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I am presently writing a Python script to process some 10,000 or so input documents. Based on the script's progress output I notice that the first 400+ documents get processed really fast and then the script slows down although the input documents all are approximately the same size.

I am assuming this may have to do with the fact that most of the document processing is done with regexes that I do not save as regex objects once they have been compiled. Instead, I recompile the regexes whenever I need them.

Since my script has about 10 different functions all of which use about 10 - 20 different regex patterns I am wondering what would be a more efficient way in Python to avoid re-compiling the regex patterns over and over again (in Perl I could simply include a modifier //o).

My assumption is that if I store the regex objects in the individual functions using

pattern = re.compile()

the resulting regex object will not be retained until the next invocation of the function for the next iteration (each function is called but once per document).

Creating a global list of pre-compiled regexes seems an unattractive option since I would need to store the list of regexes in a different location in my code than where they are actually used.

Any advice here on how to handle this neatly and efficiently?

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2  
No, it has to do with the fact that your cache is depleted. –  Ignacio Vazquez-Abrams Mar 28 '12 at 19:45
1  
Have you profiled your code? –  Daenyth Mar 28 '12 at 19:52
1  
are all functions applied to all documents? because if so, @larsmans answer, while good, does not seem to explain the slowdown after 400 documents. i would suggest profiling rather than guessing... –  andrew cooke Mar 28 '12 at 20:07
    
Have you checked how much memory you are using? –  John Machin Mar 28 '12 at 20:09
    
Sorry, I am not familiar with profiling ... how does it work and what does it do for me? –  Pat Mar 30 '12 at 20:06

4 Answers 4

Last time I looked, re.compile maintained a rather small cache, and when it filled up, just emptied it. DIY with no limit:

class MyRECache(object):
    def __init__(self):
        self.cache = {}
    def compile(self, regex_string):
        if regex_string not in self.cache:
            self.cache[regex_string] = re.compile(regex_string)
        return self.cache[regex_string]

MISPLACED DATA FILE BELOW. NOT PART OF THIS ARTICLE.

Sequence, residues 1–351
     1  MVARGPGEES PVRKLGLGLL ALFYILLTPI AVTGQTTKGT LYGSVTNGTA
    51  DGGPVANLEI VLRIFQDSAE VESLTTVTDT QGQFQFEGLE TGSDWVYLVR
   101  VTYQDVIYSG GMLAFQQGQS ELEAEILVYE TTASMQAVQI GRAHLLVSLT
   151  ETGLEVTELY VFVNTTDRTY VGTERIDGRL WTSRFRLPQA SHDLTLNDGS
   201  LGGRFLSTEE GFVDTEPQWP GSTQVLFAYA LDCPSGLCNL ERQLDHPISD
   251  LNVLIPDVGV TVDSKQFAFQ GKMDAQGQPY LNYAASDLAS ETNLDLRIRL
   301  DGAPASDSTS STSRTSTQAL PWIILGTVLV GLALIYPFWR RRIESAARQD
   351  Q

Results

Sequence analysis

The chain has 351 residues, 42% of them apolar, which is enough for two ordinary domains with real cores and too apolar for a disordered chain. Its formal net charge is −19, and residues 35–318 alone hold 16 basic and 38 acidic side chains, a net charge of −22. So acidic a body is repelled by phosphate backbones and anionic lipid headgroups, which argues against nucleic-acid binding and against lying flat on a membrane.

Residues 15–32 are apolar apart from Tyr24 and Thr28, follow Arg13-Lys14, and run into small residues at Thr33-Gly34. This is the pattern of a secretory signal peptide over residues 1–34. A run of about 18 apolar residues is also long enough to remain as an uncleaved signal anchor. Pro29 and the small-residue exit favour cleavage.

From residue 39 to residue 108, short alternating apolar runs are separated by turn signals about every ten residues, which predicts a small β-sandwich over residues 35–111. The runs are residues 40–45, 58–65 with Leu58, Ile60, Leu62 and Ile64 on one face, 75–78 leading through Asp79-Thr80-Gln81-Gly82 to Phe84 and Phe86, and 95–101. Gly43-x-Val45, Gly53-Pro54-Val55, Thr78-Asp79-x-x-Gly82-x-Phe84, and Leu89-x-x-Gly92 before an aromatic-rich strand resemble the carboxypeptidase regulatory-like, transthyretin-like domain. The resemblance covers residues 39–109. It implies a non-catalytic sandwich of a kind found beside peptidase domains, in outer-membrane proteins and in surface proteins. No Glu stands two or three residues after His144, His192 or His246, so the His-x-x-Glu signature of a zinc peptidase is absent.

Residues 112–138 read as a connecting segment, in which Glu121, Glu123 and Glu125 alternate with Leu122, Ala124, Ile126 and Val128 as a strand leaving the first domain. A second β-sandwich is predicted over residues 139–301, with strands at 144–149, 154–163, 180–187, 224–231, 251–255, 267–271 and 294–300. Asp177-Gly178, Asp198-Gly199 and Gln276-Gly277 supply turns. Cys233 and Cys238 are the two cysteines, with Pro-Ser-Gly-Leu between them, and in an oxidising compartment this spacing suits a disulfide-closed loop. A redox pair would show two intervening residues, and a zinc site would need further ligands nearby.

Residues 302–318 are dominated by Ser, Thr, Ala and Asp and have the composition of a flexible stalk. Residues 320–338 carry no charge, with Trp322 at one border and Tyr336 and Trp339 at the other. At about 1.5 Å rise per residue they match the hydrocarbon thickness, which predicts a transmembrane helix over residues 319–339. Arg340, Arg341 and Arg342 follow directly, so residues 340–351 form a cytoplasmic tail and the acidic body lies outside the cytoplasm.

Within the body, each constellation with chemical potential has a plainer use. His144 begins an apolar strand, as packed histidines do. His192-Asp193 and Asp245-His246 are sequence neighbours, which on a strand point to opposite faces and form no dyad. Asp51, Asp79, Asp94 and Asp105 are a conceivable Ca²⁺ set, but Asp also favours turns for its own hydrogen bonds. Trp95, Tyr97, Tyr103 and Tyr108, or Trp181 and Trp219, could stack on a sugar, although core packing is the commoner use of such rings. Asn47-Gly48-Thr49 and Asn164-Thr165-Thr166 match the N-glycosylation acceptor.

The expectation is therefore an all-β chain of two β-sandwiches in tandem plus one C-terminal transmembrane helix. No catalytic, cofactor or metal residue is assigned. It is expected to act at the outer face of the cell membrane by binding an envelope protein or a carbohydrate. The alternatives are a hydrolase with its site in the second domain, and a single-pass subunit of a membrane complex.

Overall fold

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4  
Or, even more succinctly, derive from dict and overwrite __missing__(). –  Sven Marnach Mar 28 '12 at 20:15
1  
@SvenMarnach: The code that I wrote can be understood by the person without the need to look up the __voodoo__ docs. –  John Machin Mar 29 '12 at 11:27
    
It would be interesting to know how the cache is cleared when its capacity is used up ... are all entries flushed or just a few? –  Pat Mar 30 '12 at 20:07
    
@Pat: If you don't believe that "emptied" means "flushed all entries", find re.py in your Python installation (mine is C:\Python27\Lib\re.py) and look for occurrences of _cache ... you should find _cache = {} and _cache.clear() –  John Machin Mar 30 '12 at 21:33

The re module caches compiled regex patterns. The cache is cleared when it reaches a size of re._MAXCACHE which by default is 100. (Since you have 10 functions with 10-20 regexes each (i.e. 100-200 regexes), your observed slow-down makes sense with the clearing of the cache.)

If you are okay with changing private variables, a quick and dirty fix to your program might be to set re._MAXCACHE to a higher value:

import re
re._MAXCACHE = 1000
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This is cool .... thanks for this hint. –  Pat Mar 30 '12 at 20:15

Compiled regular expression are automatically cached by re.compile, re.search and re.match, but the maximum cache size is 100 in Python 2.7, so you're overflowing the cache.

Creating a global list of pre-compiled regexes seems an unattractive option since I would need to store the list of regexes in a different location in my code than where they are actually used.

You can define them near the place where they are used: just before the functions that use them. If you reuse the same RE in a different place, then it would have been a good idea to define it globally anyway to avoid having to modify it in multiple places.

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In the spirit of "simple is better" I'd use a little helper function like this:

def rc(pattern, flags=0):
    key = pattern, flags
    if key not in rc.cache:
        rc.cache[key] = re.compile(pattern, flags)
    return rc.cache[key]

rc.cache = {}

Usage:

rc('[a-z]').sub...
rc('[a-z]').findall <- no compilation here

I also recommend you to try regex. Among many other advantages over the stock re, its MAXCACHE is 500 by default and won't get dropped completely on overflow.

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Thanks to everyone who bothered to reply to my query. I will follow up on the many helpful pointers. Your support is much appreciated!. –  Pat Mar 30 '12 at 20:17
    
@Pat: please accept the answer that helped you most. –  georg Mar 31 '12 at 8:23

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